A hip fracture is a crack in the top of the femur (thigh bone) close to the hip joint. Hip fractures are usually due to an injury or a fall to the hip side, but occasionally they can occur due to a health condition such as certain cancers that weaken the hip bone.
Falls are more common among older people, especially in people who are over 80 and have reduced mobility or vision and balance problems. Hip fractures are common in women who are also more likely to develop osteoporosis, a condition that weakens bones.
Hip fracture symptoms
Symptoms of the hip fracture after a fall might include:
- Hip pain
- Unable to move, lift, or rotate your legs
- Unable to put pressure on your legs or stand
- Swelling and bruising around your hip
- The injured leg appears shorted than another leg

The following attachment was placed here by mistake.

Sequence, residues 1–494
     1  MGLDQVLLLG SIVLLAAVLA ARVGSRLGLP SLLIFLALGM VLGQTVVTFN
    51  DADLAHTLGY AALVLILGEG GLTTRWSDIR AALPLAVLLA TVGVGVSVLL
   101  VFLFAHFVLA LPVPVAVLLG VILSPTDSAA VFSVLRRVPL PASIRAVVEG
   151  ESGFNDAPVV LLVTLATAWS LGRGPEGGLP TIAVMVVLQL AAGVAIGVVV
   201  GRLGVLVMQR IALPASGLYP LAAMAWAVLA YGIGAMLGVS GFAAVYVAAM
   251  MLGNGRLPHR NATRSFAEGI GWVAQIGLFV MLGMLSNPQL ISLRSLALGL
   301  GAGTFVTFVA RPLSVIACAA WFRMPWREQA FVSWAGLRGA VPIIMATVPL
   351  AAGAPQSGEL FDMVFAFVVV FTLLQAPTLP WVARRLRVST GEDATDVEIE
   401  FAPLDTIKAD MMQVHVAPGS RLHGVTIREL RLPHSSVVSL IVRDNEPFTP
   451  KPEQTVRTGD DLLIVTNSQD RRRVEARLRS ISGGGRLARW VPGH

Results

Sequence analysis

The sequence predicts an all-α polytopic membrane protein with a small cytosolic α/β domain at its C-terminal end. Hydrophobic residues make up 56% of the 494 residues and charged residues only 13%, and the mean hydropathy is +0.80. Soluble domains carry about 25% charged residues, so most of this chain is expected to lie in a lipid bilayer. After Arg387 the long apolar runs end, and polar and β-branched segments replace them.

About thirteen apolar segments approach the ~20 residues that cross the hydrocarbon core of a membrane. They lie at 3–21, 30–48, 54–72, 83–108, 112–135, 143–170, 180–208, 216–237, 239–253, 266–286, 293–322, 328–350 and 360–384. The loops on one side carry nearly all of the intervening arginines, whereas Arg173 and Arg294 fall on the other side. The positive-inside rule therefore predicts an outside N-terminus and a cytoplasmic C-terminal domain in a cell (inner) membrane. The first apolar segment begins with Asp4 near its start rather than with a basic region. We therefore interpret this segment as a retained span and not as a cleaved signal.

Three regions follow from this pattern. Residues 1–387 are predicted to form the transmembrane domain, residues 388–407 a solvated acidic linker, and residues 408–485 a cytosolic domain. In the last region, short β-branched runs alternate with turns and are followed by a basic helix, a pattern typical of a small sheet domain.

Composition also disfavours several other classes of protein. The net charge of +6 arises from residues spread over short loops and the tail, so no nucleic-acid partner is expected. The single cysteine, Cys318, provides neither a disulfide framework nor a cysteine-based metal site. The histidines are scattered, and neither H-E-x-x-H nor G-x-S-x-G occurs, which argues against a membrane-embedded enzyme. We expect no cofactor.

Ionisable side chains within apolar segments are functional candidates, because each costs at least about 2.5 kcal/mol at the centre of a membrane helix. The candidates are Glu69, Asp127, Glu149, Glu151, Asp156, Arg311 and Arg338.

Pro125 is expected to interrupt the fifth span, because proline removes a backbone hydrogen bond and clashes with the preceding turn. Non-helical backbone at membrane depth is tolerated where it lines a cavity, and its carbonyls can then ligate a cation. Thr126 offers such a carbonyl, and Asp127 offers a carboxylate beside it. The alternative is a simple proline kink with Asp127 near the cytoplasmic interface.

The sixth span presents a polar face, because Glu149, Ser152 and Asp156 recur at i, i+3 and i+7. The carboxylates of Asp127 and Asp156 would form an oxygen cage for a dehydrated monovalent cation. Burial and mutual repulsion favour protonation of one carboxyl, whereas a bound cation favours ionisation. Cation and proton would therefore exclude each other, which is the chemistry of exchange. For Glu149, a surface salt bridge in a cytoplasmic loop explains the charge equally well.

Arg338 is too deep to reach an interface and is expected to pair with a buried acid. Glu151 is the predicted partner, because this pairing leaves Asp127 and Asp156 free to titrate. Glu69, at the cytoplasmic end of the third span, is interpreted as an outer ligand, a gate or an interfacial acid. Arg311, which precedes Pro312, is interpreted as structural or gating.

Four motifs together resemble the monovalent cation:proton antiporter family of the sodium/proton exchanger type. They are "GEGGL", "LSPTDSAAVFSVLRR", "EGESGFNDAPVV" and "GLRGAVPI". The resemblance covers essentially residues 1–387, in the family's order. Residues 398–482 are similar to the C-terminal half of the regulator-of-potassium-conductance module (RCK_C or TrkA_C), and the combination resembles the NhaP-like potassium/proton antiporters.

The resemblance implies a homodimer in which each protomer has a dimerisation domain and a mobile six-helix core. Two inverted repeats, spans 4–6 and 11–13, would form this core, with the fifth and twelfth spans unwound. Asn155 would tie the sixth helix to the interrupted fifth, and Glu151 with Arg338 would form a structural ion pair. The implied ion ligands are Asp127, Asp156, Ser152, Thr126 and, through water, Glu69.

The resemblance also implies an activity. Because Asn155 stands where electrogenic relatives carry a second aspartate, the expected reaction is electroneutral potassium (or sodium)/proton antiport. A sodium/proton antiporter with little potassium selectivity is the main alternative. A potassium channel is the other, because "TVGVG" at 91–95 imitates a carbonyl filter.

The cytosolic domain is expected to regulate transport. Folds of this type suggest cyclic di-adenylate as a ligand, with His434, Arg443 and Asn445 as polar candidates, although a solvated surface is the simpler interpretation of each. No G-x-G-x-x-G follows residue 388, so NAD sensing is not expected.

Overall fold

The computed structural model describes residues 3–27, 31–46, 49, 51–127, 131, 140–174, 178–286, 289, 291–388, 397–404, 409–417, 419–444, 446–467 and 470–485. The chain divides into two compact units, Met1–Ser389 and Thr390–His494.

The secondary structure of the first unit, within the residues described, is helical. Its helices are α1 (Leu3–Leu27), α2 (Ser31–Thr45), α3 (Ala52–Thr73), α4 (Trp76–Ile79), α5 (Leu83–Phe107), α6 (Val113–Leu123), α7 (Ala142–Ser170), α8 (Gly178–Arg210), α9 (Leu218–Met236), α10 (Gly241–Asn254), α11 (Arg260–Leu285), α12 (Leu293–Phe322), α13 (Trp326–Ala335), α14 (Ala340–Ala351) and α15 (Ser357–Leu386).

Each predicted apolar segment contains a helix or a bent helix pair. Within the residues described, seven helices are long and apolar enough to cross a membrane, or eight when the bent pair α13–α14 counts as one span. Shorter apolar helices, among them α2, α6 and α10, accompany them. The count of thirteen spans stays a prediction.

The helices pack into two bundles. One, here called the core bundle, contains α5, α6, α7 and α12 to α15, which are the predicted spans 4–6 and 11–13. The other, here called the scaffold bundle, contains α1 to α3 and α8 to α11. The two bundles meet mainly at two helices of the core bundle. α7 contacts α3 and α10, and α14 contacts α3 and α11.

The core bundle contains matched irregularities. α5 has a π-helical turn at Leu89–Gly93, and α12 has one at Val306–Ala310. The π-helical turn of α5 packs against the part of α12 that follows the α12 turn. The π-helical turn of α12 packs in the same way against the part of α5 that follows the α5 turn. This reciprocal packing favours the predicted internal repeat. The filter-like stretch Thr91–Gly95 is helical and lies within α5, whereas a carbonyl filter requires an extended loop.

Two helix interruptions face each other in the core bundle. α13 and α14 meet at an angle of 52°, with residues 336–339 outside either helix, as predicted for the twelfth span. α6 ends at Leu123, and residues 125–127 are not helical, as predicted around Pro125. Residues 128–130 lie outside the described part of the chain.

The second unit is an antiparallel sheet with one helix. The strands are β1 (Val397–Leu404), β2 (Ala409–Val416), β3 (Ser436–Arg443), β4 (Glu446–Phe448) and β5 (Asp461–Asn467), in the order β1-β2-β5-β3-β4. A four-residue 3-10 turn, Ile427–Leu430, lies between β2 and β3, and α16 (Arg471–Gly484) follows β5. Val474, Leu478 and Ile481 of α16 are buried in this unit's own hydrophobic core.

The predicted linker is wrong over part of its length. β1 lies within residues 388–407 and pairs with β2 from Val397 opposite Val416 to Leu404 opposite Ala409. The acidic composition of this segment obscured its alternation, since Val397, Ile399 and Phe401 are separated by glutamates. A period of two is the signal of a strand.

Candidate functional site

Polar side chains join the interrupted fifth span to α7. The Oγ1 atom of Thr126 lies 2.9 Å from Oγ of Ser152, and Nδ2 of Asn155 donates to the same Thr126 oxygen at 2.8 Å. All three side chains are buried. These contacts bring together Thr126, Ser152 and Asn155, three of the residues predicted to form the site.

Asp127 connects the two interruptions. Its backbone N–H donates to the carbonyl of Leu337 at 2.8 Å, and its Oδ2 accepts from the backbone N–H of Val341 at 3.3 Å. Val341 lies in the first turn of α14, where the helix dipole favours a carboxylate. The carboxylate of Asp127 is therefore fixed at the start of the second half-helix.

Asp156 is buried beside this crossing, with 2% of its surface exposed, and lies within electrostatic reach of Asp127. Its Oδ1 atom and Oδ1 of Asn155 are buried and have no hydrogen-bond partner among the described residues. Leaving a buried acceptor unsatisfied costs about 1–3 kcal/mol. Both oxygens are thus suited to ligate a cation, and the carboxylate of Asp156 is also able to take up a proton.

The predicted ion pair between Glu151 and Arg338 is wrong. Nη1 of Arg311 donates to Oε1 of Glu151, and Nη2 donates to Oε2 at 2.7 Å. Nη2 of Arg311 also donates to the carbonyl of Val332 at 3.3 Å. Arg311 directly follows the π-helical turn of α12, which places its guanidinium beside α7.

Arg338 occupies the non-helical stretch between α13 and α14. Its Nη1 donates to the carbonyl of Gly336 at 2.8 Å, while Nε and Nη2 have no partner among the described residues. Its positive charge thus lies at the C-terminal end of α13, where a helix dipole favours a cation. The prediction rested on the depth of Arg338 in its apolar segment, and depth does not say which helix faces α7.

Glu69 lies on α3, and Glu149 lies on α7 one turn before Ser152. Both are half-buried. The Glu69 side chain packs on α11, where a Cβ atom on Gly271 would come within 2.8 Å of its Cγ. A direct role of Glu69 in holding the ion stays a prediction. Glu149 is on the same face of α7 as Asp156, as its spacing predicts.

- The injured leg is turning outwards
Also, a hip fracture doesn’t particularly cause bruising or prevent you from walking or standing.
Hip fracture treatments
The only option for a hip fracture is surgery. It’s recommended to have surgery within 48 hours of hip fracture, but the surgery can delay if the person is unwell or has other health conditions. Most cases require a complete or partial hip replacement, while others require surgery to fix with plates, screws, or rods.
The surgery type will depend on multiple factors, including:
- Type of the fracture
- Level of mobility before the injury
- Bone and joint conditions; for example, arthritis
Hip fracture surgery complications
Hip surgery complications can include:
- Infection: Requires further tests, treatments, and often another surgery.
- Blood clots: Forms deep leg veins, leading to reduced movement.
- Pressure ulcers (bedsores): Happen on skin that’s under constant pressure
The surgeon discusses all the risks with you before the hip surgery.
Reviewed by – Dr. Priyanka, MBBS MD Microbiology
Page last reviewed: 16 JULY 2022